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A Blockchain is a publicly accessible and decentralised database like a ledger that is distributed over the Internet. In simple terms, it is a permanent, unchangeable, transparent public record keeping system of blocks over the internet on which all the information stored lives forever and where the exchange of such records can take place seamlessly ensuring privacy. This technology maintains transaction records publicly in codified form, with information protected by algorithms and each block of information immutably linked to the last block. Every new set of information added as a block gets linked together with the earlier blocks forming a chain of information.

Blockchain is the technology behind the famous bitcoins which is a cryptocurrency invented in 2008 by Satoshi Nakamoto. In the entertainment industry, Blockchain technology provides innovative opportunities to address issues related to distribution complexity, management of creative rights and digital piracy. Blockchain and its disruptive, decentralized nature could very well result in a complete makeover of the existing media value chain and its workings. The blockchain technology is still in its nascency in the media industry and has immense possibilities and areas / scenarios where the technology can essentially see a growth in the near future in the media and entertainment space.

Digital rights management (DRM) is a way to protect copyrights in the digital media. With the ever-growing digital media, now more so with the rise in plethora of online digital content, there are many key players who would want and require their Intellectual property rights protected to the highest level possible. With the use of technologies copyright infringement can be limited and use of copyrighted works and proprietary software can be regulated. The digital rights management allows authors, musicians, movie professionals, and other creators to prevent unauthorized use of their content and licence the use of their content to known parties.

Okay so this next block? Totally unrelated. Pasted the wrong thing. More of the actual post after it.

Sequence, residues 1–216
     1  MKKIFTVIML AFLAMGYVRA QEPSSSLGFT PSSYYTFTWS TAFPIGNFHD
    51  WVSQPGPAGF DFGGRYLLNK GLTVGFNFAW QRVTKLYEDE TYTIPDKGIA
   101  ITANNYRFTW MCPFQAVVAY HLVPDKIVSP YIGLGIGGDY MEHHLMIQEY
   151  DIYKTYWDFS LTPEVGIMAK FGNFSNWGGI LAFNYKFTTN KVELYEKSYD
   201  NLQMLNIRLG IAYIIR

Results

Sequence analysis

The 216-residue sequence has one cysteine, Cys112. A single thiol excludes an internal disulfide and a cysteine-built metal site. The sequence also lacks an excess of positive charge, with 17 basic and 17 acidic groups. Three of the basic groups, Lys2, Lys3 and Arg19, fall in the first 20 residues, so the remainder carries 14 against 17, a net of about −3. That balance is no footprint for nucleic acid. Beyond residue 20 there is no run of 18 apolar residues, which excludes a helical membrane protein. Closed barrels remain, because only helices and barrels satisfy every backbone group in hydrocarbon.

The collection and distribution of royalty payments in the music business has only become more and more complex and opaque with the growth of music streaming services. Each time a song is streamed online or played in the background of a TV show, restaurant or adverts for instance, the distributor/broadcaster must compensate the respective music's copyright holder. However, the same often gives rise to disputes as the accuracy of such songs/tracks being played and the number of times them being played can often be inaccurate to compute the accuracy and compensation rates of such royalties. With use of blockchain, if a database is maintained of each piece of music being played by every person on the database, the royalties can be directly collected from the party exploiting such music and independent artists, composers and other artists do not need to depend on collecting agents, societies and publishers.

The blockchain technology would aid in intellectual property protection as well. The owner of a content will register on the database how they will want their content to be used and distributed and the decentralized ledger will ensure the distribution of the content in a regulated manner avoiding any piracy. There will be clarity on where a content originated from, who submitted it, who used it and the manner of usage and the restrictions thereon, putting an end to disputes. The decentralized, peer-to-peer structure of blockchain could enable content creators-such as musicians, or writers-to directly distribute their work to consumers, bypassing traditional distribution channels and leaving a larger share of revenue for content creators themselves. This could impact everyone from large media houses to independent bloggers, helping artists form a direct relationship with consumers.